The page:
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World financial crisis

World Markets tumble, Asians set up joint fund

Article published on the 2008-10-24 Latest update 2008-10-24 16:08 TU

Nicolas Sarkozy (4th L) and Hu Jintao (3rd L) lead other representatives of Asem countries into the Great Hall of the People(Photo: Reuters)

Nicolas Sarkozy (4th L) and Hu Jintao (3rd L) lead other representatives of Asem countries into the Great Hall of the People
(Photo: Reuters)

Asian stockmarkets took a nosedive on Friday and were followed by Europe's bourses, which opened substantially down in a further deepening of the global financial crisis. East Asian countries agreed to set up a common fund to fend off future economic crises. They were meeting in Beijing ahead of the Asem summit with French President Nicolas Sarkozy and other European leaders.

European equities spiralled downward on Friday, following a fierce sell-off in Asia, both sparked by fears of a global recession.

London stocks were down five per cent after recovering from a fall of more than nine per cent, Frankfurt crashed by 10.13 per cent early but closed just under 5 per cent while Paris tumbled by more than seven percent before recovering slightly to a 3.5 per cent loss.

Russia suspended trading on its stock market until at least Tuesday after losing more than 10 per cent and hitting its lowest level since 2004.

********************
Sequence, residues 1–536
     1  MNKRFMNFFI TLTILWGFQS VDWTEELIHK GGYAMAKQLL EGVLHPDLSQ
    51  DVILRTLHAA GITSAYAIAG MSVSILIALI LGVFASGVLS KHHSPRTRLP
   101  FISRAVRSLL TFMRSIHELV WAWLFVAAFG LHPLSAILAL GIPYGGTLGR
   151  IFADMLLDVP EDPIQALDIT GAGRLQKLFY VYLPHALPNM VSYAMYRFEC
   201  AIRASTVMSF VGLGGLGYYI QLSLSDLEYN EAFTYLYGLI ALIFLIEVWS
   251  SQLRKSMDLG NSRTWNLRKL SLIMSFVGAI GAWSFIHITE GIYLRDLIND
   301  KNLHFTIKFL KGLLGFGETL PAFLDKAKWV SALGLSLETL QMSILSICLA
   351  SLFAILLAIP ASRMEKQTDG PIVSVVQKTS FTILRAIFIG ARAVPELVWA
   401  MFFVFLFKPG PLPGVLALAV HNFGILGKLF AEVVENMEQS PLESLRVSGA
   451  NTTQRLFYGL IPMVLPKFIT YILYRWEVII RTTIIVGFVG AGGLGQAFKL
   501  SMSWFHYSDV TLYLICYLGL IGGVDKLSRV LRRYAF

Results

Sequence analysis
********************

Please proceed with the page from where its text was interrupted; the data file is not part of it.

On Wall Street, future trading was suspended as investors scrambled to sell. The Dow Jones Industrial Average plunged 4.69 per cent to 8,287.36 in the first 10 minutes of trade. The Nasdaq saw a dive of 5.41 percent to 1,517.16.

Earlier Japan's Nikkei index fell 9.6 per cent, South Korea's Kospi 10.6 per cent, Sydney 2.6 per cent, Singapore 8.67 per cent and Hong Kong nearly seven per cent. Brazil's stocks fell 3.57 per cent, after more than ten per cent on Wednesday.

Japan's yen reached a 13-year high against the dollar and to six-year high against the euro, meaning bad news for the country's exporters.

East Asian nations grouped in the Association of South-East Asian Nations (Asean) plus South Korea, Japan and China agreed to set up a 64-billion-euro joint fund by next June to guard against regional financial crises. Discussions on setting up the fund began in 2006.

The leaders, who were meeting before the Asia-Europe (Asem) meeting in Beijing, also agreed to take an active part in fighting the current financial crisis.

French President Nicolas Sarkozy, also in Beijing for the Asem summit, called on the 43 participating countries to form a united front ahead of the G20 meeting on the financial crisis on 15 November.

Sarkozy called for a "common front of initiatives so that the same causes do not lead the same effects".

In Paris, Finance Minister Christine Lagarde denied reports that the sovereign wealth fund announced by Sarkozy on Thursday would be worth 100 billion euros. She said that no exact amount had yet been agreed to.